The HIV/AIDS epidemic in sub-Saharan Africa has already orphaned a generation of children, and now seems set to orphan generations more (UNICEF, 2003). The devastating impact of this poses significant challenges for primary care services in addressing the mental health needs of orphans. Given the relative lack of skilled clinicians in low-resource countries like South Africa (Deslarlais et al., 1995), and a general lack of resources to address mental health needs in South African townships (Dlamini, 2004), there is an urgent need for the development of reliable and valid diagnostic tools for the early detection of psychiatric disorder as a first step towards successful intervention. In this proposal we seek (Specific aim 1a) to investigate the criterion validity of a brief and easy-to-administer population screen (SDQ;Goodman, 1997, 2001) in a sample of 750 7- 11 year old children (250 orphaned by AIDS, 250 orphaned by other means and 250 non-orphaned). The SDQ will be validated against clinician diagnosis and a diagnostic tool which our team has investigated for its cultural appropriateness in Sesotho families (the NIH-DISC-IV;Shaffer, Fisher, et al., 2000). We also seek (Specific aim 1b) to investigate the utility value of the SDQ in Sesotho schools to early detect children with EBD. We then seek to use the multi-method (questionnaire and interview-based) and multiple informant (caregiver-, teacher, and self-report) information collected in Specific aim 1a to test aspects of Cluver &Gardner's (2007) conceptual model of risk and protective factors by investigating the association between orphan type (paternal-, maternal-, double-, and non- orphan) and EBD (Specific aim 2a) and orphan status (orphan by AIDS, orphan by other means, non-orphan) and EBD (Specific aim 2b), taking into account factors that may mediate these relationships (poverty and caregiver substance use disorder). The unique partnerships and institutional resources established through our preliminary work, the mentorship of three senior NIH investigators combined with the interdisciplinary strengths of the assembled research team (developmental psychopathology, psychometrics, qualitative and quantitative research in the South African context, cross- cultural psychiatry and medical anthropology) and a demonstrated history of fruitful collaboration on related projects indicate a high likelihood of success for the current proposal. The proposed study is in line with the NIHM objective of developing assessment tools in mental health for children affected by HIV/AIDS especially in developing countries. Determining the validity of the SDQ and its usefulness in elementary schools as context for early intervention and prevention of EBD, in addition to understanding the role of poverty and caregiver SUD in the development of EBD in children affected and unaffected by AIDS will lay the foundation for school- based intervention work or offer much needed direction in targeting current interventions more effectively.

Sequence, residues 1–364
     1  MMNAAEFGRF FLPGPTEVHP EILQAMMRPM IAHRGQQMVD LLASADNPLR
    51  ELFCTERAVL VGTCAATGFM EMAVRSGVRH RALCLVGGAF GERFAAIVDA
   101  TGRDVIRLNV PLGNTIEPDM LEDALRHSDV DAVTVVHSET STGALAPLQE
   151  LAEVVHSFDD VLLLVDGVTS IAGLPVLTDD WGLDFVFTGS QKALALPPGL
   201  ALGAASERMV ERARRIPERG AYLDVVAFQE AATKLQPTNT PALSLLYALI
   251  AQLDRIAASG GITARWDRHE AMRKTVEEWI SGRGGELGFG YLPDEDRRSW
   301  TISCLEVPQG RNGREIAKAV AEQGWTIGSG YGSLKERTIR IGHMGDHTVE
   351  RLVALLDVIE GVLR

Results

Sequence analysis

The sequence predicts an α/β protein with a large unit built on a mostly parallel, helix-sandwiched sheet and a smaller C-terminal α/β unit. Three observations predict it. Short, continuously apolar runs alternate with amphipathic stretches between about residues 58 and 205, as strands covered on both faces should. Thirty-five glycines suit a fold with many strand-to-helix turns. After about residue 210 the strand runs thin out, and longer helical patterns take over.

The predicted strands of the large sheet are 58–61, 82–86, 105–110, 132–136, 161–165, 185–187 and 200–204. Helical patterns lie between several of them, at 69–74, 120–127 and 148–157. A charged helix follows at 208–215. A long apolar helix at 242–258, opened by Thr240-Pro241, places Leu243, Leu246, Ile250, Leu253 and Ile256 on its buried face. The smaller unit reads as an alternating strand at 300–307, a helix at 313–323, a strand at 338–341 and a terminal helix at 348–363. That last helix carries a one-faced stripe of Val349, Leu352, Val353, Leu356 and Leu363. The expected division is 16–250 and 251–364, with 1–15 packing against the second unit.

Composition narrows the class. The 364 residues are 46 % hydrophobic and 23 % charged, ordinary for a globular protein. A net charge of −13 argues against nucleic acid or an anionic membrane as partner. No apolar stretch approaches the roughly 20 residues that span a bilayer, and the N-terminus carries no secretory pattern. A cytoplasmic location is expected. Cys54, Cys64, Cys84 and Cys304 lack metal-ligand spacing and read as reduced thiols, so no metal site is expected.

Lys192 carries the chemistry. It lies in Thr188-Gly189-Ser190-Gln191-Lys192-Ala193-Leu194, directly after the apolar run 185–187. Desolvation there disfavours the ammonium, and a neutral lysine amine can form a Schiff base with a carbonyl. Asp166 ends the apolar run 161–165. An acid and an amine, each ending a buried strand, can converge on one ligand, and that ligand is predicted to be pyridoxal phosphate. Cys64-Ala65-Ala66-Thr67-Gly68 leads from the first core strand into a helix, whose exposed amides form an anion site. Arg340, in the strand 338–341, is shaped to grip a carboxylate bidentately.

Significance and relevance of the proposed research for the program on Infants, Children, and Adolescents within the Center for Mental Health Research on AIDS (NIMH). Although the work proposed herein has indirect relevance for several research objectives of the aforementioned NIMH program, it has direct relevance for one of the key foci of research: "Develop assessment technologies as well as methodological and statistical tools for the evaluation of natural history and treatment related change in behavioral, cognitive, and social development of infants, children and adolescents infected with HIV or affected by HIV, particularly where applicable to resource poor environments". Addressing the problem of early detection of EBD should be of the highest priority as a first step in addressing the mental health and service needs of children in a developing country like South Africa. The validation of the SDQ and determining its usefulness in elementary schools as context for early intervention and prevention of EBD, in addition to understanding the role of poverty and caregiver SUD in the development of EBD in children affected and unaffected by AIDS, will offer much needed direction in targeting interventions more effectively. As such, this study if funded, may lay the foundation for the design of a follow-up study where a school-based assessment and intervention of EBD in children affected by HIV/AIDS may be conducted.
|Marais, Lochner; Sharp, Carla; Pappin, Michelle et al. (2014) Community-based mental health support for orphans and vulnerable children in South Africa: A triangulation study. Vulnerable Child Youth Stud 9:151-158|
|Sharp, Carla; Venta, Amanda; Marais, Lochner et al. (2014) First evaluation of a population-based screen to detect emotional-behavior disorders in orphaned children in Sub-Saharan Africa. AIDS Behav 18:1174-85|
|Michonski, Jared D; Sharp, Carla; Steinberg, Lynne et al. (2013) An item response theory analysis of the DSM-IV borderline personality disorder criteria in a population-based sample of 11- to 12-year-old children. Personal Disord 4:15-22|